The basic flaw in your argument is one of subjectivity: Whether or not you or I find God to be knowable or unknowable is irrelevant to the question of whether or not God actually exists. To characterize God solely in terms of one's ability or inability to perceive His presence is subjective in the extreme. If He exists, He must exist independently of your perceptions or of mine. Faulty premise.

What you've just identified is not so much a contradiction, as a paradox. But to say that paradoxes - or contradictions for that matter - cannot exist in the real world is simply "contrary" to experience. They can, and they do. For just one example, look to the world of quantum physics, which presents many examples of phenomena that "logically" speaking, should not exist - yet they do. As so often occurs, the apparent paradox will likely become resolved - to us - just as soon as our perceptions of it changes, adapts & grows. Not when the nature of the thing itself somehow changes. Faulty premise #2.

I cannot prove that God exists - but you certainly haven't proven that He doesn't.


The burden of 'proof' lies entirely with the believer who is trying to change someones beliefs. You "cannot prove that god exists", because he/she does not. Athiests do not have to prove the diety does not exist, because we don't believe in "IT".

Mystic Michael

If you insist upon making this a matter of "proof", then I must point out to you that you've just introduced a circular argument against the existence of God - which depends upon the assumption of its chief premise in order to reach its "logical" conclusion (if "A", therefore "A"). And thus you've illustrated the utter futility of insisting upon "proof".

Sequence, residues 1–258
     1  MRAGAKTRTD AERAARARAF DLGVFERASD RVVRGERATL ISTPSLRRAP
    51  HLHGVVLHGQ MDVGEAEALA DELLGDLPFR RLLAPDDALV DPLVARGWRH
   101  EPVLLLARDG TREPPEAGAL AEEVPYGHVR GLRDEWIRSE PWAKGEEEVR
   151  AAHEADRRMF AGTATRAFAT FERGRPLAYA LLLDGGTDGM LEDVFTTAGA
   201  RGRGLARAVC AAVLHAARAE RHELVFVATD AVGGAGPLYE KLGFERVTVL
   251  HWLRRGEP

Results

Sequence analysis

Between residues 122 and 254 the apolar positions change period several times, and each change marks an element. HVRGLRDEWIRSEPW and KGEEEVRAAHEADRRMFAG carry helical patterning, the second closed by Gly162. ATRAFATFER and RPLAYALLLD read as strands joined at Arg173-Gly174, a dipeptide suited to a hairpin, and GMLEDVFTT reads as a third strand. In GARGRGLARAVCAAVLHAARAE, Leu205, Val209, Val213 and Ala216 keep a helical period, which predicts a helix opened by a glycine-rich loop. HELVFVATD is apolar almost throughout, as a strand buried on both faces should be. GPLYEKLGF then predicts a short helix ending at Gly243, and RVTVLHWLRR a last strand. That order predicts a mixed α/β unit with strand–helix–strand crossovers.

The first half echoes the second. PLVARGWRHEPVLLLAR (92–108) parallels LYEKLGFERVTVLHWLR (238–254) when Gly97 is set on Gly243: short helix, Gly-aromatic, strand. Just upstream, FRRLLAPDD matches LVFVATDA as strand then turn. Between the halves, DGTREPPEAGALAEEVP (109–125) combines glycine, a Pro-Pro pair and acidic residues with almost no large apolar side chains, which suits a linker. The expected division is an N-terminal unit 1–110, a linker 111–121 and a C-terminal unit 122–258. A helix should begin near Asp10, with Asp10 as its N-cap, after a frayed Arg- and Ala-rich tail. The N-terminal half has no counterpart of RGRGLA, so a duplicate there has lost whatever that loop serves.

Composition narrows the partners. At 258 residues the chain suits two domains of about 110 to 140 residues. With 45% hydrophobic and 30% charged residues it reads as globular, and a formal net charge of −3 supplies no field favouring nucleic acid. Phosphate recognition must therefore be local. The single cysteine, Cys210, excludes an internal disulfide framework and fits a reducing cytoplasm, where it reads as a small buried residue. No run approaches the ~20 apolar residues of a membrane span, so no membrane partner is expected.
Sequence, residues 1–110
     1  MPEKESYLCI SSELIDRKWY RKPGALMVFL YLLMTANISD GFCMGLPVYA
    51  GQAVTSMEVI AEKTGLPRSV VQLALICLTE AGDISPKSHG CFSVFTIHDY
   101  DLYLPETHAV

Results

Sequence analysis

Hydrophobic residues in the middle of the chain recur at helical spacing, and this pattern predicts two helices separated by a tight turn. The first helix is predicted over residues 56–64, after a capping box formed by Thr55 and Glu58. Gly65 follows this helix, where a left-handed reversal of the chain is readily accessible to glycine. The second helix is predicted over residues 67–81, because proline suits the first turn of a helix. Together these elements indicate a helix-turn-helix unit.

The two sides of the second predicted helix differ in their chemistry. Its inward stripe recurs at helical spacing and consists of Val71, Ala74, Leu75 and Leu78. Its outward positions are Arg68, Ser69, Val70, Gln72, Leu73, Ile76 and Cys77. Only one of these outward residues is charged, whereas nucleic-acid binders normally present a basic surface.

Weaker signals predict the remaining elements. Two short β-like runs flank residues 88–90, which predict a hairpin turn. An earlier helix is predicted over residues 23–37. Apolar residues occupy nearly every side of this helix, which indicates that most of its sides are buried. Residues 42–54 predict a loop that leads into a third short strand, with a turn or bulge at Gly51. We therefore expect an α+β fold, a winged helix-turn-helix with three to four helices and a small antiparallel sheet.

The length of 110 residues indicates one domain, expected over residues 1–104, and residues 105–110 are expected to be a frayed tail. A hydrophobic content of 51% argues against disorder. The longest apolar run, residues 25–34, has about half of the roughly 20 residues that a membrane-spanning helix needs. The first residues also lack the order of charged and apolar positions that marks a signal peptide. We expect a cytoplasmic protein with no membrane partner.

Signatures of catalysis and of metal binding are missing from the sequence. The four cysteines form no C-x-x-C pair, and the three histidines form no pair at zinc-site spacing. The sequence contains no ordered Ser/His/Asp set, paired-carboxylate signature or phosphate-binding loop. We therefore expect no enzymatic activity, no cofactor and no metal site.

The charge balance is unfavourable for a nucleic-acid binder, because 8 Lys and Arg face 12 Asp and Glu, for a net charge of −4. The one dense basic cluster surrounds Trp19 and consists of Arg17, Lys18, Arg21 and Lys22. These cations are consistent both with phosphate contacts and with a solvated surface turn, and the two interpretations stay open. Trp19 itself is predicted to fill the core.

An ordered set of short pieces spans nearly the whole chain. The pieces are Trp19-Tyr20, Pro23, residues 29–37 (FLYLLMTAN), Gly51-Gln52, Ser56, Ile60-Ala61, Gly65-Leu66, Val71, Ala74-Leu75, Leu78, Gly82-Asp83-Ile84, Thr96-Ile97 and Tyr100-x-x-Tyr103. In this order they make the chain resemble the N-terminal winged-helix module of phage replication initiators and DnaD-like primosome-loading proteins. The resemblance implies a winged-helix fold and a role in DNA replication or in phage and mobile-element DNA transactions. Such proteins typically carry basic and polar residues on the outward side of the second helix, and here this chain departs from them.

The reason why I can't "prove" the existence of God, any more than an atheist can disprove it, is because the existence of God doesn't correspond to our notions of what constitutes 'proof" - at least not in the way that more prosaic considerations typically do.

While God - if He exists - exists independently of our perceptions of Him, one's perceptions of Him are ultimately experiential, and therefore inherently subjective & personal. And the extent to which one either or does not have such an experience of God is wrapped up in all manner of individual psychological, emotional, cognitive, developmental & spiritual factors - the total nature of which differs from one person to another, just as each person's character & temperament is different from every other.